What Jeff Hill did not do was explain what risk those who’ve been stopped in North Cambridge for looking over fences, wearing gloves or wearing hoods pose to the community, how is keeping paper records of such stop and account events for 10 years (as stated by Sgt. Wragg to the Cambridge City Council’s North Area Committee), and keeping the electronic record for an unspecified period of time justified?
    - Finally I have been asking how the new stop and account procedure, without the form, is compliant with the law which governs stop and account, namely PACE code A sections 4.12 – 4.17. As the new procedure clearly isn’t compliant with that I asked John Fuller, Community Engagement Officer, Cambridgeshire Police when I met him on Thursday * if there had been an exception to the law made in Parliament to permit, or an order made by a minister to permit the trial he said there had not been, but he would try and find the answer. I note Cambridge is not one of the three forces running the trial of the new stop and account procedure announced by the Home Secretary.

    2. You stated in your email that the CSP had no elected members before your appointment; the Neighbourhood Action Groups, I have been told this is an “officer only” group, and yet they can approve, reject, and amend the priorities set by councillors at the Area Committees. At least the membership and decisions of the CSP are public. Membership of the NAG, and the dates of its meetings are secret. I asked at the last North Area Committee if the priorities set at the previous Area Committee had been adopted by the NAG. Cllr Nimmo-Smith has told me he is pursuing opening up the activities of the NAG.

    3. The trials currently going on in 10 forces looking at the issuing of TASER weapons to non-firearms police will start to finish in September. How will Cambridgeshire react to those results. Will the people of Cambridgeshire have a chance to have their say on if our local police will be armed with these weapons? Will councillors at the north area committee get a chance to vote on if our local neighborhood police start carrying them? I oppose non-firearms police carrying TASERs on the same grounds as I want stop and account run properly – I think both of these are critical to good public-police relations, and good public-police relations are essential for the police and the country more generally to function.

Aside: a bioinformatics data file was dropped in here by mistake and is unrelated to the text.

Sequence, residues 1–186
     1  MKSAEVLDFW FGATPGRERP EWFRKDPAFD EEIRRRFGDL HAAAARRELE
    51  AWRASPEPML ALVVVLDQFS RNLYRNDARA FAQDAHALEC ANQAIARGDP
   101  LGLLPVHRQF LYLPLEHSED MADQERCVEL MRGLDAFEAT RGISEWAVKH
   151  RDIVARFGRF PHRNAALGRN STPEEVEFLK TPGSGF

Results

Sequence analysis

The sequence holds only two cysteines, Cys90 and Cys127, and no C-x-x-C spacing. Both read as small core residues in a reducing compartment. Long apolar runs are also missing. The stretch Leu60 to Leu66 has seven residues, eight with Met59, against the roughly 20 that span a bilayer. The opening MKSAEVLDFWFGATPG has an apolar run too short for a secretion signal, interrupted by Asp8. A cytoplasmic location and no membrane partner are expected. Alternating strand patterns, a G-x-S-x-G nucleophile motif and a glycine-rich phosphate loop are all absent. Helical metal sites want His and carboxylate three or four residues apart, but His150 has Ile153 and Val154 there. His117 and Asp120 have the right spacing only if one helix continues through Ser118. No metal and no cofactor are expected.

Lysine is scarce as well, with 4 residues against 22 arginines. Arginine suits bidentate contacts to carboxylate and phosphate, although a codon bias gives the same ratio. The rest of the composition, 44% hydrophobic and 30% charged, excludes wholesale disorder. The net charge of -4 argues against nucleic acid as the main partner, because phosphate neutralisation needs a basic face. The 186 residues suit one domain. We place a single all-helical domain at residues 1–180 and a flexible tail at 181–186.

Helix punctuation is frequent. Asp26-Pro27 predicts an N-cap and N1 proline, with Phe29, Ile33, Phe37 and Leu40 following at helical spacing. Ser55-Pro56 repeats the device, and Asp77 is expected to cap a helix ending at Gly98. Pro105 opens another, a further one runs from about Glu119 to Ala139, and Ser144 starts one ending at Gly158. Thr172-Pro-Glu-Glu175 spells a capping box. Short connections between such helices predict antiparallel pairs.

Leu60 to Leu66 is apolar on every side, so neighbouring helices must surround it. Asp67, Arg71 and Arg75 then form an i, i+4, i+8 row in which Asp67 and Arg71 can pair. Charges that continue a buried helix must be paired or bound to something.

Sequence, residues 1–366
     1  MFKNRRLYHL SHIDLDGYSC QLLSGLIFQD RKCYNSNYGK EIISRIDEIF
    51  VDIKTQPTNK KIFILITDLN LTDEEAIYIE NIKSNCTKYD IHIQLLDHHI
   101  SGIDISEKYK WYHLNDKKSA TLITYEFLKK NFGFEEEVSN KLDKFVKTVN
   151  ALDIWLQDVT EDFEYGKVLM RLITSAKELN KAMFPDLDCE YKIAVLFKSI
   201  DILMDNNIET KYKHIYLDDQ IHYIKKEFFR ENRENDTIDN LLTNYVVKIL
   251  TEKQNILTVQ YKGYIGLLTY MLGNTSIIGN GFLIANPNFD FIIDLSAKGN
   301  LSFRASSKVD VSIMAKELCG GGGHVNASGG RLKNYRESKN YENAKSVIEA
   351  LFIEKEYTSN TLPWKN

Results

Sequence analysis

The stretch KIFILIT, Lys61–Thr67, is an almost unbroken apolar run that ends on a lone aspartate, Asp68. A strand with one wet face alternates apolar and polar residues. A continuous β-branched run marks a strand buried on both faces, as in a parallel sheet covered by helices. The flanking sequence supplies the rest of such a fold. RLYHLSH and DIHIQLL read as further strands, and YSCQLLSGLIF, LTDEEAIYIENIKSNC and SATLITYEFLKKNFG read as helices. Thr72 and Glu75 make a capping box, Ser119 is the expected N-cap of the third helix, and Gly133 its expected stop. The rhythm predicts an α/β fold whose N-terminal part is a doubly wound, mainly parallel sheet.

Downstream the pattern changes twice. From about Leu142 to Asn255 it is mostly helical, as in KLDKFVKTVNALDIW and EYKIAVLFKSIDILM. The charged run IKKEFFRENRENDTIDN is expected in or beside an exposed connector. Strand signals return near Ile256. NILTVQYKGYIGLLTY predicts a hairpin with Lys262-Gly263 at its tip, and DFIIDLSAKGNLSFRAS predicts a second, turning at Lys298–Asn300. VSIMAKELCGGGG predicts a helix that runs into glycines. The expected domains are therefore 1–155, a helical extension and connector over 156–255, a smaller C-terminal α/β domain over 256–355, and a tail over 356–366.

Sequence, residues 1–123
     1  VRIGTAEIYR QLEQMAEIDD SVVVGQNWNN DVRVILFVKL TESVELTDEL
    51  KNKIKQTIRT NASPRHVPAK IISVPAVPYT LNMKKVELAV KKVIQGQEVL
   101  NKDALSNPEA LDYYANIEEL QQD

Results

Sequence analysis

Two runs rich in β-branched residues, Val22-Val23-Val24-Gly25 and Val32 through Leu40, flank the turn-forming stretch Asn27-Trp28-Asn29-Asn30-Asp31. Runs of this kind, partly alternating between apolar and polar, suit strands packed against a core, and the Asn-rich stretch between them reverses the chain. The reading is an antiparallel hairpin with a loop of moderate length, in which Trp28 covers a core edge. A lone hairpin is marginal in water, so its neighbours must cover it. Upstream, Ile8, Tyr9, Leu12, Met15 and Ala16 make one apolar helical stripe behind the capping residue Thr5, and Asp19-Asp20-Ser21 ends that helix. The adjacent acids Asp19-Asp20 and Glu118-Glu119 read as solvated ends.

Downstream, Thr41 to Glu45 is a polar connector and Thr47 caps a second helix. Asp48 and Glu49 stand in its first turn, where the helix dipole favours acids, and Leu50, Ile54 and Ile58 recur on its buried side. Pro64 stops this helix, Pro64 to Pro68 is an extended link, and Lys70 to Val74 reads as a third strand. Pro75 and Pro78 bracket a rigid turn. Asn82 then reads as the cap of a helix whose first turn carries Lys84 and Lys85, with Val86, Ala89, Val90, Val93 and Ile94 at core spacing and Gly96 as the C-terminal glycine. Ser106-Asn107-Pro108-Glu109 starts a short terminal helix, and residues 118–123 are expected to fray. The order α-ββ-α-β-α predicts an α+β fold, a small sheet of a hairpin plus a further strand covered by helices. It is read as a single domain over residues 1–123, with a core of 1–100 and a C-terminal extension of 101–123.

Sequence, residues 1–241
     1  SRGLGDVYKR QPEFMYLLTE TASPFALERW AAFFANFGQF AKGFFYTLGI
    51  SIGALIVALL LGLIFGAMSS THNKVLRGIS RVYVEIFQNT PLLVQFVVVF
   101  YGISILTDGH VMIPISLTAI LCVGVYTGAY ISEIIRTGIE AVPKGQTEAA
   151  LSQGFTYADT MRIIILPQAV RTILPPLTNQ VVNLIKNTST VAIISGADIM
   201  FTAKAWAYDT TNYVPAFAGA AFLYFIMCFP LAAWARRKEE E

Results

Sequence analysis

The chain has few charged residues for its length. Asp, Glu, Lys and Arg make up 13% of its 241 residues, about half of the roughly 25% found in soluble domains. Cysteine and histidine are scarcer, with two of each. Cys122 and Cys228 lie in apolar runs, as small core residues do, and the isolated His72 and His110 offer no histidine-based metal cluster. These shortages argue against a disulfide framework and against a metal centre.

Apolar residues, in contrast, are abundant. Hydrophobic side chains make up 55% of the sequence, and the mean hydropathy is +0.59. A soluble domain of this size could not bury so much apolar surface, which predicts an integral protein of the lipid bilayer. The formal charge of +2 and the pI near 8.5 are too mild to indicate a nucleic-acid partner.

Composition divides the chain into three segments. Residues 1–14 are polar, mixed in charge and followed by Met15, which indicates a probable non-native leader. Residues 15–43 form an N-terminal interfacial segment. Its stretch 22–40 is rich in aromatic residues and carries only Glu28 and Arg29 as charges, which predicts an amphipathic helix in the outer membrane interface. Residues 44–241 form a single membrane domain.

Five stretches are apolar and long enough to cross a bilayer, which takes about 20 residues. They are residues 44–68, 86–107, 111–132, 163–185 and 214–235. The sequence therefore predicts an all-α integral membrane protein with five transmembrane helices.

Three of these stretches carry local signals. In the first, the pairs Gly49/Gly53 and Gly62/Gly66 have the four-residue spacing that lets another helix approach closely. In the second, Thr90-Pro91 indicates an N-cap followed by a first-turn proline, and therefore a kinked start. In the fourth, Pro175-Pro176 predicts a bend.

I should add that I am strongly in favour of the democratisation of the police and support direct elections to the police authority, so that its members, who set the budget for the Constabulary and the precept for Council Tax payers, should be directly accountable to the public and not indirectly accountable as I am, or completely unelected as many other members of the Police Authority are.

    We don’t have the culture in the UK of electing lots of public officials, sheriffs, dog wardens, town centre managers etc. as they do in America. I am concerned there is not enough appetite for more elections, and if individuals were elected on small mandates that would not be a step forward. I believe councillors and other elected representatives such as a local MP, or Mayor are the best conduits for exercising democratic influence over the police. In Cambridge I would like to see a city councillor on the police authority, and more generally police authority memberships being more flexible to deal with the make-up of the areas they cover.

    Is democratisation of the police a Liberal Democrat policy? I am confused by the local party’s view on this, as we appear to have Cllr Blair who doesn’t appear to want any role for policing in the North Area Committee, and Cllr Huppert [corrected - was wrong in my original email] who has stated he doesn’t think we have ANY democratic control over the police in this country at all, and is [apparantly] resigned to that. * How you can all be members of the same party baffles me. Surely your view of democratisation is best served by the Conservatives at the moment?

    Also for the record, I am employed by David Howarth MP as “Office Manager”, a non-party political job, and not as “Agent” or “Campaign Director”. I am not paid by the MP to be his agent or campaign director, which is a party political role which MPs cannot fund.

    While I have seen your name listed on the bottom of many Liberal Democrat leaflets it was only within the last week or so that I saw David Howarth start listing the names of those he employs on his website, it was though that which I became aware you were paid by David Howarth. I didn’t realise you held three (or more) roles but were only paid for one! I will correct my article.

    I am encouraged by your response to me on these matters,

    Richard Taylor.